How to Calculate How Long a 9 Volt Battery Will Last

By Andy Pasquesi
A Typical 9-Volt Battery (Note The Side-By-Side Terminals)
nine volts alkaline battery on table image by JoLin from Fotolia.com

Known originally as "PP3" batteries, rectangular 9-volt batteries continue to be very popular with designers of radio-controlled (RC) toys, digital alarm clocks and smoke detectors. Like 6-volt "lantern" models, 9-volt batteries actually consist of a plastic outer shell that encases several small, cylindrical cells wired in a series. However, 9-volt batteries use different types of a cells (e.g. alkaline, lithium, nickel-cadmium), which have different output capacities To calculate the approximate lifetime of a battery powering a specific appliance, you simply need to know the appliance's power rating and the battery's capacity.

Determine the power rating (in watts) for the appliance using the battery. In general, this information is printed on a label on the bottom or rear of the device. If you're not sure, visit the manufacturer's website, pull up the device's model number and search under "Technical Specifications."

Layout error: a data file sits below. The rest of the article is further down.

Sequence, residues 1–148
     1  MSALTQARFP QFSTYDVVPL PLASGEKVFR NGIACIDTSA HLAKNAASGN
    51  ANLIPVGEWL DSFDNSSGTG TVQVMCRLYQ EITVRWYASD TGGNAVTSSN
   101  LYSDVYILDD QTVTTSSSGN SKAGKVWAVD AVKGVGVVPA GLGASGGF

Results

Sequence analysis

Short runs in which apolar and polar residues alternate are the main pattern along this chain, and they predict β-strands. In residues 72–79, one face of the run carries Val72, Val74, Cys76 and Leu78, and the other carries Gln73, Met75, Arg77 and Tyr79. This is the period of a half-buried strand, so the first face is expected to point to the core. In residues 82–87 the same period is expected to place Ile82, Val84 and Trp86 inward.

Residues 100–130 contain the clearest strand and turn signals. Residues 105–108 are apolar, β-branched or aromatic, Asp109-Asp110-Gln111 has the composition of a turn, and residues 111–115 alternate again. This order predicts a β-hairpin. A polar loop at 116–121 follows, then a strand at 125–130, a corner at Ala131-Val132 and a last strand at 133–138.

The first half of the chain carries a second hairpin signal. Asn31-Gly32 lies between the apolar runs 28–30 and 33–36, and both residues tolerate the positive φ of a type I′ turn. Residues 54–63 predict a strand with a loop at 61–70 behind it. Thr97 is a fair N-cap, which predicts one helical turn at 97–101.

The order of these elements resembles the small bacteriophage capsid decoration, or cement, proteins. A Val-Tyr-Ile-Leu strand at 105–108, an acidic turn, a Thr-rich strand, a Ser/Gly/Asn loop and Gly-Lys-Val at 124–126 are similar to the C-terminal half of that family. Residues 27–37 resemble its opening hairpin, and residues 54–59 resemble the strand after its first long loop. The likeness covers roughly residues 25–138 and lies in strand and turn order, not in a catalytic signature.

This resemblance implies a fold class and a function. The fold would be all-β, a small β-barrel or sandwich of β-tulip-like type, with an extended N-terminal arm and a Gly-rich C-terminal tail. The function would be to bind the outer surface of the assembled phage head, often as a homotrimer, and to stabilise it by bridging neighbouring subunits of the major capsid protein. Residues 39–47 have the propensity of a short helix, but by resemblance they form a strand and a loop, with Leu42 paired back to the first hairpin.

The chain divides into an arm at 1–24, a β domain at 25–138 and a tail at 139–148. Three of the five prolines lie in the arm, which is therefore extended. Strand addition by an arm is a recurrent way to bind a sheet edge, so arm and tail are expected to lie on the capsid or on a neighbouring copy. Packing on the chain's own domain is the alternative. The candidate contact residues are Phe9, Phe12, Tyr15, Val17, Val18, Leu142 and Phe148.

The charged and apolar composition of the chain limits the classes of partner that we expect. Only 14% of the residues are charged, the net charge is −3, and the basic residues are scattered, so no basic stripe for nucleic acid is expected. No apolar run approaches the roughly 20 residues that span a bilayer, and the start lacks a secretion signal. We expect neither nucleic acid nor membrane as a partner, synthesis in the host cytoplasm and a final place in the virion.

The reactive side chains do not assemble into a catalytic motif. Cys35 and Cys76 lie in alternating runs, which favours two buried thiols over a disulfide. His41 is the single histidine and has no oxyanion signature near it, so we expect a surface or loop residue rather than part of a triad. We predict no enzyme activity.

Divide the power rating by 9 volts. The result will be the number of amperes or "amps" that the appliance draws from the battery.

Find the "capacity" for the 9-volt battery by checking the Technical Specifications section of the battery's packaging. Note: the battery's capacity will most likely be measured in milliampere-hours or "mAh."

Divide the battery's capacity by 1000 to convert its units to ampere-hours or "AH."

Divide the battery's AH capacity (from Step 4 ) by the amps drawn (from Step 2). The result is the amount of time (in hours) that the battery will be able to power the appliance.

About the Author

A Chicago-based copywriter, Andy Pasquesi has extensive experience writing for automotive (BMW, MINI Cooper, Harley-Davidson), financial services (Ivy Funds, William Blair, T. Rowe Price, CME Group), healthcare (Abbott) and consumer goods (Sony, Motorola, Knoll) clients. He holds a Bachelor of Arts in English from Harvard University but does not care for the Oxford comma.